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Statement Functions


Statement functions can be defined within any executable program unit by means of statement function statements. They can only be used, however, within the same program unit. Although statement functions have limited uses, they are unjustly neglected by many programmers.

The statement function statement resembles an ordinary assignment statement. For example:
FAHR(CELS) = 32.0 + 1.8 * CELS
The function FAHR converts a temperature in degrees Celsius to its equivalent in Fahrenheit. Thus FAHR(20.0) would return a value 68.0 approximately.

A statement function can have any number of dummy arguments (such as CELS above) all of which must appear in the expression on the right-hand side; this expression may also include constants, variables, or array elements used elsewhere in the program. When the function is called the current values of these items will be used. For example:

       REAL M1, M2, G, R 
       NEWTON(M1, M2, R) = G * M1 * M2 / R**2

A reference to the function in an assignment statement such as:
will return a value depending on the values of the actual arguments X, Y, and DIST, and that of the variable G at the time the function is referenced.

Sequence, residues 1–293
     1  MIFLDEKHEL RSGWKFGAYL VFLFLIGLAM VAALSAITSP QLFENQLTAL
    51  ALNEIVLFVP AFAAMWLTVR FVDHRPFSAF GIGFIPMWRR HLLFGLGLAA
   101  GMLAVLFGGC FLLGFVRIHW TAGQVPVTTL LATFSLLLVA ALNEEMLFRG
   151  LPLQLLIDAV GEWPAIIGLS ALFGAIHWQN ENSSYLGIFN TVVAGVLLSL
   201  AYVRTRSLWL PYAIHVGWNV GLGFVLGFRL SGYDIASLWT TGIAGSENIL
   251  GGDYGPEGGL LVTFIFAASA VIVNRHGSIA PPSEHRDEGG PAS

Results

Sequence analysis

Definitions of statement functions can also include references to intrinsic functions, external functions, or previously defined statement functions:

      PARAMETER (PI = 3.14159265, DTOR = PI/180.0) 
These definitions allow trigonometry on angles specified in degrees rather than radians.

The scope of each dummy argument name (such as THETA above) is that of the statement alone; these names can be used elsewhere in the program unit as variables of the same data type with no effect whatever on the evaluation of the function.

Statement functions can have any data type; the name and arguments follow the normal type rules. They can be useful in character handling, for example:

      CHARACTER C*1 
      DIGIT(C) = LGE(C, '0') .AND. LLE(C, '9') 
      MATH(C)  = INDEX('+-*/', C) .NE. 0 
      DORM(C)  = DIGIT(C) .OR. MATH(C)
These three functions each return a logical value when presented with a single character argument: DIGIT tests to see whether the character is a digit, MATH whether it is an operator symbol, and DORM will test for either condition. Note the use of the lexical comparison functions LGE and LLE in the definition of DIGIT which make it completely independent of the local character code.

next up previous contents index
Next: Statement Function Rules Up: Procedures Previous: Intrinsic Functions
Helen Rowlands